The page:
“Governing bodies of approved providers should be comprised of members whose integrity, skills and independence enable them to act, first and foremost, in the best interests of the people receiving care. Evidence before us has demonstrated, in particular, a lack of adequate clinical governance expertise on the boards of some providers. We consider that each governing body should have a care governance committee, to ensure that quality of care is considered at the highest level of the organisation. The chair of the care governance committee should be a member of the governing body and have appropriate experience in providing care. The focus of care should cascade from the governing body through the executive leadership to all staff.’
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The Aged Care Quality Standards (Standards) set regulatory requirements for the provision of care and services in aged care. All approved providers of residential care, home care, and flexible care in the form of short-term restorative care must comply with the Standards, which are embedded in Schedule 2 of the Quality of Care Principles 2014 (made under the Aged Care Act 1997).
Effective management of incidents is critical to effective clinical governance and will enable you to manage risks to consumers and improve the quality of care and services you provide. By systematically recording and investigating incidents, you are better placed to identify trends and issues and to pursue continuous improvement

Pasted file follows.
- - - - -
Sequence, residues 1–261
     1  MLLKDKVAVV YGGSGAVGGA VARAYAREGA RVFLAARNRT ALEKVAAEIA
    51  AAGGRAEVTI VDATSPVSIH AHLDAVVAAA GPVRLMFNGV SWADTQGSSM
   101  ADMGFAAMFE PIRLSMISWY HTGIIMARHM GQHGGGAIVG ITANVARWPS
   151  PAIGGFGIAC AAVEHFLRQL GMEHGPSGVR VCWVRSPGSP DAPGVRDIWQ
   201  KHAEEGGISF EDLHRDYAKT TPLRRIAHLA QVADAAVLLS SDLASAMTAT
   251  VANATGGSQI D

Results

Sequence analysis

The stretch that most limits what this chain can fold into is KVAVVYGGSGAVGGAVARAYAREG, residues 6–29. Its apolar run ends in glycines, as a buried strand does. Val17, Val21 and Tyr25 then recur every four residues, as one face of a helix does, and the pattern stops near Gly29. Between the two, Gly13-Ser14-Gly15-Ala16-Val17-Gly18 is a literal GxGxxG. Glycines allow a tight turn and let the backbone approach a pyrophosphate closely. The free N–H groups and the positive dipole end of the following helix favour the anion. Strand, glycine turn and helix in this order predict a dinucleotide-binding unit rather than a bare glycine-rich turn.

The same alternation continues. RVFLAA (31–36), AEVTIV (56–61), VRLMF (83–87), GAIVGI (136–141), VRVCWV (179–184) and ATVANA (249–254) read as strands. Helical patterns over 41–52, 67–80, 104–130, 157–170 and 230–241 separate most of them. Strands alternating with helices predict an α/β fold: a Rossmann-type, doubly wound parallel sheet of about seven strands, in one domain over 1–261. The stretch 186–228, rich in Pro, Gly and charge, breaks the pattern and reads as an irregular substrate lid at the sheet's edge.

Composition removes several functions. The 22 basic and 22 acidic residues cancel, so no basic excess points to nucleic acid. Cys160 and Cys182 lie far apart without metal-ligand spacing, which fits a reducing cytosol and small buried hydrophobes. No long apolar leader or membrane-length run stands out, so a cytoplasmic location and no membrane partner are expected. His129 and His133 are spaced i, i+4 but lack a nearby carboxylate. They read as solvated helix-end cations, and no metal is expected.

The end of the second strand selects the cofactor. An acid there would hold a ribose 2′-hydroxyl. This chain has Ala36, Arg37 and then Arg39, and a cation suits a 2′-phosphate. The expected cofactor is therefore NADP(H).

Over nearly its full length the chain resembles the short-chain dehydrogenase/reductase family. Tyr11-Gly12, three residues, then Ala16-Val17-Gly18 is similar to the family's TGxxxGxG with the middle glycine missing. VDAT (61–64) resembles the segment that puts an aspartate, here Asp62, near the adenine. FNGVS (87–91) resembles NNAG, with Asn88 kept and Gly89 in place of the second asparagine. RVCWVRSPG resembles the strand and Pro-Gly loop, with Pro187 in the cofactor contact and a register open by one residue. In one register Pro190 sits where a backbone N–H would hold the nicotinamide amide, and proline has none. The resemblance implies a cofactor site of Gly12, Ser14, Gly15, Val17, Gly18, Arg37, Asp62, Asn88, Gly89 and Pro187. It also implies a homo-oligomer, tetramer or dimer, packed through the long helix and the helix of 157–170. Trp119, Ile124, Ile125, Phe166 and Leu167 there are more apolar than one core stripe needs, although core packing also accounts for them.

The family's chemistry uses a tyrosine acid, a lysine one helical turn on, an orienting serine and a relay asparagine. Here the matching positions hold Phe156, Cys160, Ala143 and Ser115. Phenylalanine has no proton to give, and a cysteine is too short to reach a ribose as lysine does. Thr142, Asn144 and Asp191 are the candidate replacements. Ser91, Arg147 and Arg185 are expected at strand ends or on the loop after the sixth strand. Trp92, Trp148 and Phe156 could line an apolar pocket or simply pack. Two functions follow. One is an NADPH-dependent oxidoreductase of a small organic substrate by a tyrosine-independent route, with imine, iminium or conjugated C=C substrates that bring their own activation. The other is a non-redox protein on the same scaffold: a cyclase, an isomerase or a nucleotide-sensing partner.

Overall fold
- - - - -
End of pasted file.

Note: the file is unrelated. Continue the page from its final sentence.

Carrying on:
Person-centred care in clinical governance requires partnership with consumers – this ‘recognises the value of the consumer's voice, and the need for consumer experience and expertise to help shape decisions about health care at the level of the system, service, and individual.’
More on restrictive practices in aged care: highlighting the intersection of regulation and clinical governance
Restrictive practices are often used to manage the behavioural and psychological symptoms of dementia (BPSD) in aged care. However while restrictive practices may have a clinical foundation in this sense, they are not necessarily driven by clinical need.
Reporting is not just ‘red tape’ – it is an essential part of clinical governance. Why? Because unless we observe and assess care outcomes and experiences on an ongoing basis - which reporting enables – we cannot effectively identify risks, emerging risks, or areas for improvement.
Regulatory changes to the use of restraint in aged care (now referred to as restrictive practices, in line with the NDIS Standards) came into effect on 1 July 2021. These amendments require that aged care providers ensure restrictive practices ‘must only be used in a way that supports good clinical practice and provides safe and improved care for consumers’.
The challenges which COVID-19 presents to clinical governance has required intervention at the government level to promote safe, quality care in the context of a pandemic.
- Aged care
- Continuous improvement
- COVID-19/Infection control
- Cultural safety
- Digital health
- Health literacy
- Incident management
- Person-centred care
- Primary & Community Care
- Quality indicators
- Regulatory updates
- Residential care
- Restrictive practices
- Risk management
- Royal Commissions
- Training & education